The share price of social media companies – LinkedIn, Twitter, and Yelp, to name a few – have gone on some bumpy rides lately. When LinkedIn told investors the year ahead wasn’t looking as rosy as previously thought, its stock dropped 20 percent in a morning. Twitter saw a similar plunge when it surprised the markets with weak earnings.
If social media stocks seem a bit volatile, “our belief is they should be,” says Rick Summer, an equity strategist at Morningstar.
That’s not because they’re social media companies; it’s that they’re growing fast and their business models are still uncertain.
“Many of these companies are forming new advertising products,” says Summer. “We don’t have a great deal of history in understanding how you and I as users will interact with those advertising products and how advertisers will value that degree of advertising.”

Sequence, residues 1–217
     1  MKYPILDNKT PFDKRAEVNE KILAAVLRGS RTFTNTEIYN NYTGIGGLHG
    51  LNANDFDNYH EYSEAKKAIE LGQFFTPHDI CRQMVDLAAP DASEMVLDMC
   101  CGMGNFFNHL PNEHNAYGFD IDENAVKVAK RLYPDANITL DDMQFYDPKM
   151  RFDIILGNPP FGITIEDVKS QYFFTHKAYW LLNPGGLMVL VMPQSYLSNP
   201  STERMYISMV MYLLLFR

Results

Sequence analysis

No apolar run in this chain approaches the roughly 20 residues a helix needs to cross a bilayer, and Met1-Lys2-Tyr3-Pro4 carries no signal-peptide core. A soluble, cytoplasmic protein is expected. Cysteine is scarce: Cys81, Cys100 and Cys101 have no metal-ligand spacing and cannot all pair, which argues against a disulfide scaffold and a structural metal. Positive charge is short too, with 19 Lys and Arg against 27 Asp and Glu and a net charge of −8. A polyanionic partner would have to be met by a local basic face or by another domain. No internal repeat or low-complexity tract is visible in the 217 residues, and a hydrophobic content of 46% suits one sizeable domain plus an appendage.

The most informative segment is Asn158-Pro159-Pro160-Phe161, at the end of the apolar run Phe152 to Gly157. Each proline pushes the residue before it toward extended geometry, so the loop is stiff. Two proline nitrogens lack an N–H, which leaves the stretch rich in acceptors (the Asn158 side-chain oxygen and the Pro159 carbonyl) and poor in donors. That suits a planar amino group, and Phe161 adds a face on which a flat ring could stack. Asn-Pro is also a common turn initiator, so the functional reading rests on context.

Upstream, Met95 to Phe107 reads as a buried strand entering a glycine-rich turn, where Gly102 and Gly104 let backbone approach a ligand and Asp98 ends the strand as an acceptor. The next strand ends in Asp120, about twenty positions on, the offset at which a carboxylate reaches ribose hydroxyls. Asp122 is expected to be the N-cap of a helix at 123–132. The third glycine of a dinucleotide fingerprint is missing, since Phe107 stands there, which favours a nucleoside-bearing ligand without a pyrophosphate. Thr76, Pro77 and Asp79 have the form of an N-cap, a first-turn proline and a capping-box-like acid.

Therefore, the stock price of many social media companies isn’t based on how much they make today, but what investors believe they one day will, says Shyam Patil, a senior vice president with Wedbush Securities.
If suddenly a company’s not growing as fast as expected, investors will reevaluate.
“It’s kind of like compounding, right?” says Patil. “If you’re trying to figure out what $1,000 today is going to be worth in 30 years, a two percentage change in the growth rate is going to have a significant impact.”
That’s not unique to social media companies, nor does it mean they’re falling out of favor.
“When you look at the value of these stocks, they’re significant before and significant after,” says Brian Wieser, an analyst with Pivotal Research. “We can argue about whether the market overreacts – absolutely.”
Wieser says a volatile stock price doesn’t change the inherent value of these companies – just want Wall Street thinks that value is.
His reaction to Twitter’s recent drop? “Cheap now, time to buy.”
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